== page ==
Dec 8. Durians in Krabi Market, Thailand: Banned on the Singapore subways and in most of the hotels for its pungent smell, this big and thorny fruit is definitively one the most divisive food representatives of South East Asia. Here you can see a couple of those durians in a market of Krabi Town, Thailand.

Nov 29. Ta Prohm, Angkor, Cambodia: The Angkor Wat complex was one of the highlights in the trip. I'm still writing some post describing how nice it was. One of the most beautiful and unique places there is called Ta Prohm. When they started to restore this temple they decided to leave in place the bayan trees that had colonized the ruins, creating some amazing structures such as the one you see on the picture.

Nov 24. Giant Buddha, Ngong ping, Lantau Island, Hong Kong: Even if the place is a bit touristy, I enjoyed very much the cable car journey to the hill of Ngong ping where the Po Lin Monastery and the Tian Tan Buddha are located. I have seen in my trip a couple of giant buddhas, but the one here was really massive.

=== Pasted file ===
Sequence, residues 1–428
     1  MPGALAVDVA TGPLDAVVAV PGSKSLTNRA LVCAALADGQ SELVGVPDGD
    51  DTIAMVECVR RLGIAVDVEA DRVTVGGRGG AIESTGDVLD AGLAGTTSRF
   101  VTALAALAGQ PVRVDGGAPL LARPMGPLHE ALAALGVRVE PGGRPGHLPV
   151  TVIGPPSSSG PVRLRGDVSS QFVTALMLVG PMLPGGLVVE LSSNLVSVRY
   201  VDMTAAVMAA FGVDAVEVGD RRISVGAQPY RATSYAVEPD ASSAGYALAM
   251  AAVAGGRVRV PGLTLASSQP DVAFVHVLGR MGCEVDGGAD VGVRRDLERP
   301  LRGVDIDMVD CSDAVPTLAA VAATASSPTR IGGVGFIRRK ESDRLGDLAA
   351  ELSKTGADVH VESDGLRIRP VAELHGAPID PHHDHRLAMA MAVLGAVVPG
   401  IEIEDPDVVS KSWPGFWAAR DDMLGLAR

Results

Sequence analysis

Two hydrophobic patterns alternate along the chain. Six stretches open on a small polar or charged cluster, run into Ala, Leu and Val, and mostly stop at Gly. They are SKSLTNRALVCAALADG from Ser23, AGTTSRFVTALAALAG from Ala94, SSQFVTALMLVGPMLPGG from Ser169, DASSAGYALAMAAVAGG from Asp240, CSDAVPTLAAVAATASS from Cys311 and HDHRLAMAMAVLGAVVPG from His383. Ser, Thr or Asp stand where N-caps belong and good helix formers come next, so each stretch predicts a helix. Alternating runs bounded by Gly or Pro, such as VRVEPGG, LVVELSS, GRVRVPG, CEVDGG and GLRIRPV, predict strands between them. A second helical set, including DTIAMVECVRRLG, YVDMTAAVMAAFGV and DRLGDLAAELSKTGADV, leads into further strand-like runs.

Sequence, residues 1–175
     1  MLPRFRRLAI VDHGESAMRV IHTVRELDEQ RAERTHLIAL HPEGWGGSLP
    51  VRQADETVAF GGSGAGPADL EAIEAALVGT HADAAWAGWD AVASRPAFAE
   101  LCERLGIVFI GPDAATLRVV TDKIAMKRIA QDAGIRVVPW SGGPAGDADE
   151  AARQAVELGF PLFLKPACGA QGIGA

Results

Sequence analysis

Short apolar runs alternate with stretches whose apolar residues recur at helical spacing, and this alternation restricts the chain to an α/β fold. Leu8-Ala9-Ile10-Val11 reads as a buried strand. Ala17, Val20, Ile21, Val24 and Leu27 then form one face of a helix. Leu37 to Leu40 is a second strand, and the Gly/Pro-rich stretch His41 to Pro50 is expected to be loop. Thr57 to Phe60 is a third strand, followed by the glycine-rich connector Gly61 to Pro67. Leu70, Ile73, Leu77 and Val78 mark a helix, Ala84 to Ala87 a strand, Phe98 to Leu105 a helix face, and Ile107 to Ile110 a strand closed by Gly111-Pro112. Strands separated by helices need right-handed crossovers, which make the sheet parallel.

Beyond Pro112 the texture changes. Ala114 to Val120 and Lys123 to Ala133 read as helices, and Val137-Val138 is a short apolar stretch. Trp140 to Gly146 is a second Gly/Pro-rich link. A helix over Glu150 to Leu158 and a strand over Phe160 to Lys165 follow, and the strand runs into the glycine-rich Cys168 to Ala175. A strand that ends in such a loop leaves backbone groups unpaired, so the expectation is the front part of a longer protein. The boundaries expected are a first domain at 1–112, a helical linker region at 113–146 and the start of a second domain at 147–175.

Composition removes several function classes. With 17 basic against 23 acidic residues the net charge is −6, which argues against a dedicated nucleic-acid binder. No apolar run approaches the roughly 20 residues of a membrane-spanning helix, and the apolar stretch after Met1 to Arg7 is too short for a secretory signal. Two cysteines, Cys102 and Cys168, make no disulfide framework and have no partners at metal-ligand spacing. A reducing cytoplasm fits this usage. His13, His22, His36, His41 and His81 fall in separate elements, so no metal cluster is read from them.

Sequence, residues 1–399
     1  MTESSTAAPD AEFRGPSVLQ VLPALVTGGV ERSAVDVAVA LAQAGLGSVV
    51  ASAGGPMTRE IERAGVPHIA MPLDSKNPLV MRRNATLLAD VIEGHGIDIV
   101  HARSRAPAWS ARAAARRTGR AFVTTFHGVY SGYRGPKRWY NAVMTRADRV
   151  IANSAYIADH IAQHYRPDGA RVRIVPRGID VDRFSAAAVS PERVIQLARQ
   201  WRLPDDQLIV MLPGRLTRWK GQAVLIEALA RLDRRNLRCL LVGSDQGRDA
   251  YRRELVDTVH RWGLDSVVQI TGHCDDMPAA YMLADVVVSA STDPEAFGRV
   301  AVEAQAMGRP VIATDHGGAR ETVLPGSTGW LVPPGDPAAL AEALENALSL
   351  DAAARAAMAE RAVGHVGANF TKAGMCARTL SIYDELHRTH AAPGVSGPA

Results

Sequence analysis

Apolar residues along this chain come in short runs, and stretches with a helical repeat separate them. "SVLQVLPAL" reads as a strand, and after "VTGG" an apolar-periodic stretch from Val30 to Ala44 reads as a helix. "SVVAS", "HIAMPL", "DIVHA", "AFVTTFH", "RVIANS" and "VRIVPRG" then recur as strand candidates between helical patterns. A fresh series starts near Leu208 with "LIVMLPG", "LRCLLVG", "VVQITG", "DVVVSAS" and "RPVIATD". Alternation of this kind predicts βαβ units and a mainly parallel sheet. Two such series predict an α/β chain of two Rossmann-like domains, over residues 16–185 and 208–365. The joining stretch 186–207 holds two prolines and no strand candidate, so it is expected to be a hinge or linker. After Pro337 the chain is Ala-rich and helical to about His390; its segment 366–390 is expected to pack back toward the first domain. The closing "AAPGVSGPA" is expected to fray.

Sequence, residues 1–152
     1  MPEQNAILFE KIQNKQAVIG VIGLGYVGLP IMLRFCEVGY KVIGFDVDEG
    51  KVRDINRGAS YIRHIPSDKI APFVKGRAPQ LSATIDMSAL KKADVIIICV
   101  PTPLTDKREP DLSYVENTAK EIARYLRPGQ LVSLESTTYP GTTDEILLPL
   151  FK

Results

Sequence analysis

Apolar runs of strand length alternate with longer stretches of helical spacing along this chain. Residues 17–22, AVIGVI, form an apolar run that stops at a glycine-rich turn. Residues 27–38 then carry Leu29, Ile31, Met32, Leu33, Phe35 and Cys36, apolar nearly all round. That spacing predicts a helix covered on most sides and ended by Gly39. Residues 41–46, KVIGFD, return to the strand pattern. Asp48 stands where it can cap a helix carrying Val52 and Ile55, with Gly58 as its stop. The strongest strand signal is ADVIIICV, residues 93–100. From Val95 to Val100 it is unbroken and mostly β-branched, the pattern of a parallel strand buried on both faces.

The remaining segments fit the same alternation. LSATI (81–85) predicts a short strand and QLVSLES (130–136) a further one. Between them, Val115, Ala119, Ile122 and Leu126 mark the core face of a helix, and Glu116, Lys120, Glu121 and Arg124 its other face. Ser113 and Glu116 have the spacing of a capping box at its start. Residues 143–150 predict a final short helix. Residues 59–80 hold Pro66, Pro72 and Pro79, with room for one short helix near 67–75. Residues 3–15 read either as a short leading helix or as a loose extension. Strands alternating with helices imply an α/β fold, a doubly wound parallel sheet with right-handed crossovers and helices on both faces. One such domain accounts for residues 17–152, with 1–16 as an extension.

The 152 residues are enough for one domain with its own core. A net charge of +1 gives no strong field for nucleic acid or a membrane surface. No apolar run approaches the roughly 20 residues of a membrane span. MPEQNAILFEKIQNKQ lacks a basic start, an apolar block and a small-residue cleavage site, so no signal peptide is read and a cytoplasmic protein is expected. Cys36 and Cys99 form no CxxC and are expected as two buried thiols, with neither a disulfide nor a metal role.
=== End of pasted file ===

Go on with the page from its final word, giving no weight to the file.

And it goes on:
Nov 7. Kōfuku-ji temple, Nara, Japan: The ancient Japanese capital was a very special place. Its colors during autumn were really beautiful. I truly enjoyed walking around the park but my favorite spot was for sure the Kōfuku-ji temple, with its east golden hall (Tōkon-dō) and the five story pagoda

Oct 29. Sumida river from the Tokyo Skytree, Japan: Tokyo is one of my favorite cities in the world and this time around I had the opportunity to enjoy a panoramic view of the city from the Skytree observatory. I easily spent a couple of hours there, looking around, taking pictures and appreciating this excellent viewpoint.

Oct 24. Jeonbang Waterfall, Jeju Island, South Korea: In the southern volcanic korean island of Jeju there are multiple waterfalls, but one of the most interesting ones was Jeonbang. Here you can see the water hitting hard the rocks on the bottom, next to the sea.

Oct 6. Imjingak, South Korea: When I visited Seoul, I went to the Korean DMZ Zone that was established during the 1953 treaty. This war technically is not over because a permanent peace treaty was never signed and the reminders are everywhere that the Korean peninsula used to be a single country.

Sep 24. Halong Bay Cruise, Vietnam: As I described in a post earlier this year, we were amazed with my GF by the hundreds of limestones we found on our way and by the beautiful sunset and sunrise we were able to experience on our cruise in the Halong Bay. We did it in a 1906 style, on board of the Emeraude boat.